Your Favorite Tips from The Life-Changing Magic of Tidying Up

April 18, 2015

There are so many great conversations on the Hotlineit's hard to choose a favorite. But we'll be doing it, once a week, to spread the wealth of our community's knowledgeand to keep the conversation going.

Today: It's time for some spring cleaning—what are your best tips for getting a cleaner, more organized house?

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Have you heard about Marie Kondo and her KonMari Method? Or, as my dad asked me the other day, "That Japanese cleaning thing?" If you haven't, here's a quick review:

Marie Kondo is a lifestyle and organizing consultant from Japan. She advocates strict methods for cleaning and organizing your things—mainly, take everything you own by category (books, clothing, kitchen tools) and hold each object one by one. Ask yourself if the object "sparks joy" while you're holding it. If yes, put it in the keep pile. If it does not, get rid of it. But before it gets the heave-ho, thank the object for its service. Repeat. These two actions, practicing gratitude and saying goodbye, are the foundation of the KonMari method.

Assistant Editor Ali Slagle read Kondo's book, The Life-Changing Magic of Tidying Up, cleaned out her closet, and found the results truly life changing. So, over on the Hotline, she asked if any Food52ers have also had success with the KonMari Method and offered bonus points for spring-cleaning tips. As always, you have plenty of opinions, and a whole lot of joy:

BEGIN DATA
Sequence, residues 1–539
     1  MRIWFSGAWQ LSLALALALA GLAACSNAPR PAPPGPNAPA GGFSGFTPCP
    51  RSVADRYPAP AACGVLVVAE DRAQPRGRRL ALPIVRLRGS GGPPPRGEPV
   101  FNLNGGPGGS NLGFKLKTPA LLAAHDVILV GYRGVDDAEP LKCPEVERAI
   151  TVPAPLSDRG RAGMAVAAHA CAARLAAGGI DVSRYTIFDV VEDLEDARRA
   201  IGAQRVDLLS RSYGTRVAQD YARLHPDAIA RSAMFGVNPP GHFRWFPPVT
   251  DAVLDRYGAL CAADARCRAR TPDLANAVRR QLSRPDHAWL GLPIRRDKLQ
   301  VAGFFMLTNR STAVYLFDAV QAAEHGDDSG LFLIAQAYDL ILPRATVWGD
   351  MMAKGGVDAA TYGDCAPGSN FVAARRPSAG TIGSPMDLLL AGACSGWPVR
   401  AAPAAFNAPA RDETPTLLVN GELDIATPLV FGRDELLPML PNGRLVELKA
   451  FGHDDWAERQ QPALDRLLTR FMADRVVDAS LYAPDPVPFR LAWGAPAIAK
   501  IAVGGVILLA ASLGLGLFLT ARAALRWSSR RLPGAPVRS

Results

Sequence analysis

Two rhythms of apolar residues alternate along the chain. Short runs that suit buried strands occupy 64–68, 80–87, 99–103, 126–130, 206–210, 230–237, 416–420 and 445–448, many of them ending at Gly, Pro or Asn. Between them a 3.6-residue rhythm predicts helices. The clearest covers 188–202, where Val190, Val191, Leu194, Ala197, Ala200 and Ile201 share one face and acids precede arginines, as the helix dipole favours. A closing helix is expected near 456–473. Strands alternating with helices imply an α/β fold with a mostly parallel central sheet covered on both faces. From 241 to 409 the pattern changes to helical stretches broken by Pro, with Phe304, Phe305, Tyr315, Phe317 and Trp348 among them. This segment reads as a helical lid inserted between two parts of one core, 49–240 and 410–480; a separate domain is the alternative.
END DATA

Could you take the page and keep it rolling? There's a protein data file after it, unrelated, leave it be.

• Slice of Life says that "The thing that still brings me joy is [Kondo's] instructions on folding and organizing laundry. I smile now when I fold."
  • Bevi says that she loves the KonMari Method, but that there’s only so much she can do: "I can only really clean out much of our 'stuff' with the approval of our kids, who need to tell me what goes and what stays when it comes to their possessions."
  • Lindsay-Jean Hard claims the book helps her take her penchant for organizing to a whole new level. She explains: "I used to ball up my socks and was skeptical when Kondo claimed that those 'potato-like lumps' take up more room (and are harder on your socks), but she was right. Folding my socks into compact rolls saved me room in my sock drawer."

  • QueenSashy organizes her shoes in white photo boxes. She says, "Every morning I walk into my closet, look at the white neatness, and feel happy all over."
  • AntoniaJames shared her best organization tip: "Treat it like any other project to be managed, and break it down into bite-sized pieces." She does this by planning tasks that can be accomplished in 2-, 5-, or 15-minute chunks and writes them all down on index cards. She says: "When a pocket of time becomes available, I simply scan the cards, pick one or more tasks, do them, check them off, and move on with my life. On the weekend, I update the cards."
  • Cara Rosaen started organizing her home by putting all of the clothing in her house into one pile. She says, “The mountains in front of me were embarrassing—it inspired much more purging. I really think I got rid of 60 to 70% of my closet and now I only have things I love. It's inspiring to try to live simpler and teach my new son about living with less—as a way of living more."

What are your best tips for spring cleaning and organizing? Tell us in the comments.

Photos by James Ransom

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Mei Chin

Written by: Mei Chin

Let's have dinner sometime. There will be champagne and ice cream for sure; everything else is up in the air.

1 Comment

AntoniaJames June 24, 2015
What does "tidying up" mean? I can imagine it meaning different things to different people, depending on their circumstances. ;o)